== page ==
In summary, among n UH patients, 12 patients could be fully characterized thanks to targeted analysis on CHA genes. Eight benefited from extended WES analysis leading to full characterization in one additionnal patient and 7 UH patients not fully characterized but two new potential target genes were identified by WES.


In this study, WES sequencing allowed the identification of a genetic cause of CHA in 33 out of 40 patients (82.5%), including 20 HS patients (100%) and 13 UH patients (65%). All HS patients harbored mutations in already-known HS genes: ANK1, SLC4A1, SPTB, SPTA1. All identified variants (21, among which 13 novel) were classified as likely pathogenic or pathogenic loss-of-function mutations. A recent exomic study of 38 Chinese patients with suspected HS found mutations of ANK1 or SPTB in all patients [24]. Gallagher et al in 2019 [25] reported on a group of 24 recessive HS patients explored by WES and whole genome sequencing (WGS), all having mutations found in SPTA1. Our results, together with those previously published, suggest that there are probably no other major HS genes. In mouse, beta-adducin deficiency has been shown to cause spherocytosis [58], but no mutations of adducins have yet been identified in human HS.

In UH patients, NGS analysis allowed diagnosis in 13 patients (P21, P25, P29, P31, P22, P30, P32, P35, P36, P37, P38, P39, and P40). Rate of positivity is lower in UH patients than in HS cases, probably because of the lack of a clear phenotype.

One important finding of our study is the frequent association of several genetic variants in different genes in a same patient, emphasizing the genetic complexity of CHA. Twenty two percents (9/40) of patients harbored several variations in different CHA genes. Among HS patients, only 3 (15%) had variations in other genes, whereas in the UH group, 9/20 (45%) had an association of variants in different CHA genes. The frequent occurrence of multiple genetic variants in single UH patients suggests that this association could contribute to the complexity of the phenotype. Phenotypical tests alone are not able to detect all those variants associations, some of which can have therapeutic consequences (contra-indication of splenectomy in DHSt for example). Such associations of several deleterious variants in genes causing RBC diseases have rarely been reported [59,60,61] and could be explained in part by the patients’origins. For example, the P36 family that carried variations in 5 CHA genes originated from Comoros Islands, a region of endemic malaria. Plasmodium has been shown to exert a selective pressure on various RBC proteins [62].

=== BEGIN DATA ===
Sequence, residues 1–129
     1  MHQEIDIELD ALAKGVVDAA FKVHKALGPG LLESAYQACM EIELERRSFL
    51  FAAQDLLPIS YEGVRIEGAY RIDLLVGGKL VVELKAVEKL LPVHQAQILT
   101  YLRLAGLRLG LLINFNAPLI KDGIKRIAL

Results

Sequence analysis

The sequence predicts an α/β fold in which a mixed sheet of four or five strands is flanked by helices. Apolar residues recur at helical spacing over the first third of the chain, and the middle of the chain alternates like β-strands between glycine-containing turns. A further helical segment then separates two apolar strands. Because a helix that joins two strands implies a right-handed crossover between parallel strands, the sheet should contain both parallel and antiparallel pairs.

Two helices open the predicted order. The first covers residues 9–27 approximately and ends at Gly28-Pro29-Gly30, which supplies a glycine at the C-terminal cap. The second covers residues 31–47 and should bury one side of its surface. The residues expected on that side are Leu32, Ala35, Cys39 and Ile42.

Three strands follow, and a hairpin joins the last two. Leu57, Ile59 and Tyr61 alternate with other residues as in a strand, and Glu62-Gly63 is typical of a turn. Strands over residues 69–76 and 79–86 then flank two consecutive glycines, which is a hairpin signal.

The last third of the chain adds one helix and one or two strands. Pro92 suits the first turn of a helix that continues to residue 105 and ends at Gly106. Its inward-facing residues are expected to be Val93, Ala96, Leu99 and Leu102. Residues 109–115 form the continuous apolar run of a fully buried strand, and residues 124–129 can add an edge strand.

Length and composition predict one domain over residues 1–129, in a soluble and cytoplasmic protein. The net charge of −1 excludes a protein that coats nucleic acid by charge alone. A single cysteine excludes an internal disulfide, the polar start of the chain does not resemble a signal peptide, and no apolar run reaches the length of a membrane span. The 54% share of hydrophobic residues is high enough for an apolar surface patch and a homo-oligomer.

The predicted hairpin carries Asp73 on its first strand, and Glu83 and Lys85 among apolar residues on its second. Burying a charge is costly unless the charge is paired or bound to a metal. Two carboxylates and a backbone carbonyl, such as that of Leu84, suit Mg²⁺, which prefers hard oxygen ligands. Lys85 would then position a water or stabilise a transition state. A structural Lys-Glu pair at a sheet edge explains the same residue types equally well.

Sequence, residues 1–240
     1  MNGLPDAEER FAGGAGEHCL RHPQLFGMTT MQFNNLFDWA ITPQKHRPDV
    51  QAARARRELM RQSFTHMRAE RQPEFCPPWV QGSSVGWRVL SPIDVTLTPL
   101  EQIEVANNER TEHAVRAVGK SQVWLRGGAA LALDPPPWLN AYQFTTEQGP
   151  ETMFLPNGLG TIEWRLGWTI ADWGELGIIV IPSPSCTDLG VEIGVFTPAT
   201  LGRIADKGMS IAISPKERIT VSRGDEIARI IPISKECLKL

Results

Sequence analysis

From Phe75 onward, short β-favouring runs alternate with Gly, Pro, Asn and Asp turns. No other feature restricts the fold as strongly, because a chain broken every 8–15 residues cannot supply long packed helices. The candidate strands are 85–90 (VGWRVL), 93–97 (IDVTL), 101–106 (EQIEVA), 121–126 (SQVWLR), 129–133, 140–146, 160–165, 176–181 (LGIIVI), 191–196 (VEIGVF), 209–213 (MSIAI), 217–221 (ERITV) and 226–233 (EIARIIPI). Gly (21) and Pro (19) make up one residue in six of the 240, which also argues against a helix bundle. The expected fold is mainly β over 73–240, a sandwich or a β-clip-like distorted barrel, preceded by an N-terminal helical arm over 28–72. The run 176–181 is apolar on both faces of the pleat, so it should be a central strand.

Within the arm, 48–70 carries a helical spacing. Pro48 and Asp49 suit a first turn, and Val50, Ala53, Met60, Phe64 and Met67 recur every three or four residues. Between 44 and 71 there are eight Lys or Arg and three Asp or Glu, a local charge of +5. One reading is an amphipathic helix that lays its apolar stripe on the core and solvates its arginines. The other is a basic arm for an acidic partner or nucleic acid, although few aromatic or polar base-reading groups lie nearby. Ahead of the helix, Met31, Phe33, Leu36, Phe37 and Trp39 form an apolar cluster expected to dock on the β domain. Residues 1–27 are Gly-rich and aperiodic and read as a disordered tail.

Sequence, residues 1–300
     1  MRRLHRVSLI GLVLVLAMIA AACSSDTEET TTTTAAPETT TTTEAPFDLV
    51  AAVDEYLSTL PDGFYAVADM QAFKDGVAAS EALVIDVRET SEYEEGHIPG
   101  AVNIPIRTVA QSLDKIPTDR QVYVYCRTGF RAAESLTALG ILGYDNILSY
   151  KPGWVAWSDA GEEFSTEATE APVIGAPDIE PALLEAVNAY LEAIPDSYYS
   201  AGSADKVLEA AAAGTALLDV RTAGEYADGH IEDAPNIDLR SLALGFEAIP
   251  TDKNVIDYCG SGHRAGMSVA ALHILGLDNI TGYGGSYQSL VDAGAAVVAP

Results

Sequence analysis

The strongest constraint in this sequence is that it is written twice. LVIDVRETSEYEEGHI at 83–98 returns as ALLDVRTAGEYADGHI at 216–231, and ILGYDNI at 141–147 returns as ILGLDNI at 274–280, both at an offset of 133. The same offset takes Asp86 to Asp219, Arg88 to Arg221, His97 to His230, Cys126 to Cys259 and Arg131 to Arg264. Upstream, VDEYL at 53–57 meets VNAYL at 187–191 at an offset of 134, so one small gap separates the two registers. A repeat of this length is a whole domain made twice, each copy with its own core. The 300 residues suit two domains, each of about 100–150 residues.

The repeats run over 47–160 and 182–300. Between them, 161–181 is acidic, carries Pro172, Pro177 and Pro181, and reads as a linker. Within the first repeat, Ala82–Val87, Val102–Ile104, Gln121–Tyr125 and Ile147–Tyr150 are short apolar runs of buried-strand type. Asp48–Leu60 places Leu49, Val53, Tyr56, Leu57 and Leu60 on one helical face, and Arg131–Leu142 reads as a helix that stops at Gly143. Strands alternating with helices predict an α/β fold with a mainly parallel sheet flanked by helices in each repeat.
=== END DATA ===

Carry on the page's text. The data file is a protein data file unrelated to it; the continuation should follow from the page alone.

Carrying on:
Our study also emphasizes the usefulness of exomic approach in the field of CHA, both for discovery of candidate genes (such as TRPV4 or ADAR) and for diagnosis reorientation. Thanks to exomic capture, we reorientated initial diagnosis for P35 (probable myeloproliferative syndrome) and explained a part of the phenotype in P24 (osteonecrosis and TRPV4), P26 (HAMP and iron overload) and P35 (painful crisis and SCN9A). The cases of P27 remained unsolved despite large familial investigations. Exomic capture allowed us to find a possible cause for P24’s osteonecrosis since this patient harbored a homozygous TRPV4 variation. TRPV4 encodes a non-selective calcium-permeant cation channel expressed in different cell types [63] but not in erythrocytes and it has never been associated with hemolysis. Mutations have already been involved in skeletal dysplasia, hereditary neuropathies, arthropathies [64] and recently in a familial case of osteonecrosis [65]. All variants reported were heterozygous and only one paper described a familial case of complex phenotype with severe intellectual disability and neuropathy associated with compound heterozygosity for TRPV4 mutations [66]. Our patient does not present any neurological symptoms. In this patient, we also found an ADAR variation that could be a good candidate for hemolysis. No mutations in ADAR have yet been associated with hemolysis in humans. Previous studies in mouse showed that ADAR is implicated in erythropoiesis [67, 68]. ADAR heterozygous mutations are been found in dyschromatosis symmetrica hereditaria [69] and homozygous or compound heterozygous variations in Aicardi-Goutières syndrome [70].

During the last few years, several NGS studies of CHA have been published [14,15,16,17,18,19,20,21,22,23,24, 26,27,28,29,30,31,32, 71] and have shown their usefullness (Additional file 1, Supplementary Table S1). Two recent studies using targeted approaches, focused on 21 index cases and 62 families respectively [16, 17]. They obtained a positive rate (elucidation of the genetic cause of anemia) of 62 and 65% of cases respectively. In our study, this rate was 82.5%. In the two former studies and ours, the positive rate appears to be considerably higher than the WES success rate obtained in other genetic diseases, such as cardiomyopathies or intellectual deficiencies: 62 to 82.5% for CHA versus 30% on average for cardiomyopathies or intellectual deficiencies [72, 73]. The two recent studies of Wang R. et al 2018 and Gallagher et al 2019 reporting WES findings in relatively large CHA samples [24, 25] were only dedicated to HS patient. Our results suggest that WES is highly useful in CHA patients, whether they have HS or UH. Recommendations proposed by King et al in 2015 [13], and compiled by Kim et al in 2017 [74] concerning the indications of genetic testing for CHA diagnosis need to be updated, as they only recommended genetic testing in a limited number of cases and as a second diagnostic step. A recent article of Rets et al in 2019 suggests that targeted NGS becomes the diagnosis standard tool in CHA molecular testing and that WES and WGS could represents the future [75]. Our results show that molecular diagnosis with WES could easily be democratized and be of great help to understand patients’ phenotype, adapting therapeutic approach (such as splenectomy) and to allow genetic counseling. Indeed, exomic approach appeared as particularly useful in UH cases and for complex phenotypes.